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Joan Thirsk Memorial Prize

The Joan Thirsk Memorial Prize is awarded annually for the Best Book in British or Irish Rural or Agrarian History. The prize was awarded for the first time in Spring 2017.

How the prize works

Works entered can be concerned with any aspect of British and Irish rural or agrarian history provided that they use broadly historical methodology (so works of pure archaeology will not be eligible). Works by single or joint authors will be eligible but edited collections of papers will not.

The rules for the 2022 prize are here and the deadline is noon on Monday 8 January 2022. The winner of the 2022 prize will be announced in April.

Joan Thirsk (1922–2013)

Joan Thirsk

Joan Thirsk was the leading agricultural and rural historian of her generation. Her books and articles have a lasting influence. The fertility of Joan’s mind was such that she wrote a succession of pioneering articles, offering ideas and even creating areas of research which others took up and developed. She was an early writer on the family, on open fields, on the industrialization of the countryside. Her Economic Policy and Projects invented a history of the manufacture and consumption of ordinary things (‘starch, needles, pins, cooking pots, kettles, frying pans, lace, soap, vinegar, stockings do not appear on the shopping lists [of men] but they do appear on mine’). She was a historian of knitting, horticulture, tobacco and, of course, woad and our leading authority on early modern food. Her editorial labours, notably on the Agrarian History of England and Wales, were prodigious. And, one should not ignore – Joan would not forgive us if we did – her interest in (and and deep empathy with) her female predecessors in the history profession. Her kindness and generosity of time, advice and references to many historians was considerable.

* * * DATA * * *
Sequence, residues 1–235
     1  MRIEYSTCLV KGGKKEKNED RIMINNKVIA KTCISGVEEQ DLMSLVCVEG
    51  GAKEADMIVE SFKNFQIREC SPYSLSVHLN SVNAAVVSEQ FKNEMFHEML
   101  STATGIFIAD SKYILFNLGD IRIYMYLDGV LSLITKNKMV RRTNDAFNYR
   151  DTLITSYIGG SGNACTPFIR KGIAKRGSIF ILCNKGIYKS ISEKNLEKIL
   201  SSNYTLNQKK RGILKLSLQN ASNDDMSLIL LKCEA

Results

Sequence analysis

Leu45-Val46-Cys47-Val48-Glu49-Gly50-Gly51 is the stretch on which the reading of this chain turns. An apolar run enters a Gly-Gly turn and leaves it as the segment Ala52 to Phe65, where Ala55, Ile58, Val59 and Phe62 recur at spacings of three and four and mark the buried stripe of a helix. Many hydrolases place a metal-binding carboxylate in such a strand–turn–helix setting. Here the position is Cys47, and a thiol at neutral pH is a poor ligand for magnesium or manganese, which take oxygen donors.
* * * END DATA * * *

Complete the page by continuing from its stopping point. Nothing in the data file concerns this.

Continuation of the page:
Joan was much more than an agricultural and rural historian and yet the British Agricultural History Society, of which she was a founder and loyal servant, always remained dear to her. In return the Society acknowledged her excellence by making her its president for two terms. Its members gave her a festschrift when she retired and another when she passed eighty. The Society now wishes to perpetuate her memory with an annual prize for the best book published in the broad fields of British and Irish rural and agrarian history. To that end we solicit contributions to a prize fund to be administered by the Society.

Previous winners

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